- Muhammad Shehryar added an answer:What practical measures can be taken to improve the tax morality of populations?With the growing recognition that using deterrents to prevent informal work and incentives to encourage formal work is a costly and ineffective way to promote formalisation, many governments are seeking to pursue the 'softer' approach of engendering a culture of commitment to formality through educating people about the reasons for paying taxes, showing populations what they receive for paying their taxes, etc. Until now, however, there has been little discussion of what works and what does not, and whether there are 'good practice' approaches that could be more widely adopted. Given that this seems to be the current direction of policy on tackling the informal economy, we need to discuss and identify how this can be done in practice. In doing so, we might be able to identify some practical measures governments and other social partners can adopt to engender this culture of commitment to formality.Apart from your perception about the use of public funds by the government, which is most certainly an important factor in this connection, what I have found that there is a significant part of your tax morality which is rather undermined by the tax morality of your customer who at times does not want a formal receipt of purchase for his own benefits and hence bear an adverse effect on your personal tax morality as well. Then how much you respect the prevailing law also has a strong correlation with how much it is respected by your neighbouring shop/factory and ultimately by the whole market/industry. So it is very much a possibility that despite having a positive perception about how the public finds are invested by the government, you are strongly influenced by the demands and practices of your customers and competitors respectively.Following
- Eghosa Igudia added an answer:What are the reasons for advocating that people should be allowed to work in the informal economy?In recent years, there has been a shift from a policy approach that seeks to eradicate the informal economy and move towards an approach that seeks to enable the formalisation of informal work. However, there is a small emergent view that people should be left alone to work in the informal economy. What are the possible rationales for this policy approach?I agree with most of the postings here. Results emerging from my study of the Nigerian informal economy shows that people engage in the informal economy for many reasons. These provide justifications for allowing these individuals to work in the informal economy. #link to this work shall be provided, as soon as it is published #Following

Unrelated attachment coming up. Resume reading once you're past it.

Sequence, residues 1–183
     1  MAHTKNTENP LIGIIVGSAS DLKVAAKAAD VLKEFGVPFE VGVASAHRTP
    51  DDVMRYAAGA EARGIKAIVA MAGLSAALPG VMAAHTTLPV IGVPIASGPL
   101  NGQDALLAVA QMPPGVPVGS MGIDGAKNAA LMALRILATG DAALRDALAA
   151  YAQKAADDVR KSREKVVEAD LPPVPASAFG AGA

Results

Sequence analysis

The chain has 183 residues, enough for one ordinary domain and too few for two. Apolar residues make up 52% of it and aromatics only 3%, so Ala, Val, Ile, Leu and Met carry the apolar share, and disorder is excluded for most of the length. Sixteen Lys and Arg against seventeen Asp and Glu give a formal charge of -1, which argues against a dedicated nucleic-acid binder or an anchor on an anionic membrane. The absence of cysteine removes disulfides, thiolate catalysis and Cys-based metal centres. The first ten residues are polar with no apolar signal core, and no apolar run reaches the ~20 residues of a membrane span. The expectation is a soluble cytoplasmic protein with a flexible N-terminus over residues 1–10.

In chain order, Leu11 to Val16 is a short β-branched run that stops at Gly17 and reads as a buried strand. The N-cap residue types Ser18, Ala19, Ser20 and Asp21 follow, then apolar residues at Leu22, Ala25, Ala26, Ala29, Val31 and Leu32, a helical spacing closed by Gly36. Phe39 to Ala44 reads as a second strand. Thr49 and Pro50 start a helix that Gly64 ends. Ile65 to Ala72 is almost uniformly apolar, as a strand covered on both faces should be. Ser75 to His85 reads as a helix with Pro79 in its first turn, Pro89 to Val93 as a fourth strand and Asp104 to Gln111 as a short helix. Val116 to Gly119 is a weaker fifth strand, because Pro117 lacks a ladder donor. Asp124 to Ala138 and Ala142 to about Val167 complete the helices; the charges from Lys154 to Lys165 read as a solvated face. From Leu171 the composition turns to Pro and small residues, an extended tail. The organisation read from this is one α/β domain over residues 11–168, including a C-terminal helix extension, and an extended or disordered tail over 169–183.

- Bradut Vasile Bolos added an answer:What are the best policy measures used to tackle the informal economy in south-eastern Europe?Given the nature of the informal economy in south-eastern Europe, and the socio-economic context, I am interested in finding policy measures that can be used to formalise the informal economy in this region. I am just starting a four year European Commission funded project on this subjectHowever, most of my work is unpublished, and will remain so until i get proper funding for empiric research. And i needed funding to get the data for proving my theory.Following
- Anjula Gurtoo added an answer:Is work in the informal economy mostly conducted by those living in poverty?I have recently conducted a review of the relationship between the informal economy and poverty so as to understand whether the informal economy helps those who are poor to escape their poverty and how to address the informal economy in anti-poverty strategies [See attached]. This review focused upon the situation in the United Kingdom. What surprised me was that little evidence was available on the relationship between the informal economy and poverty.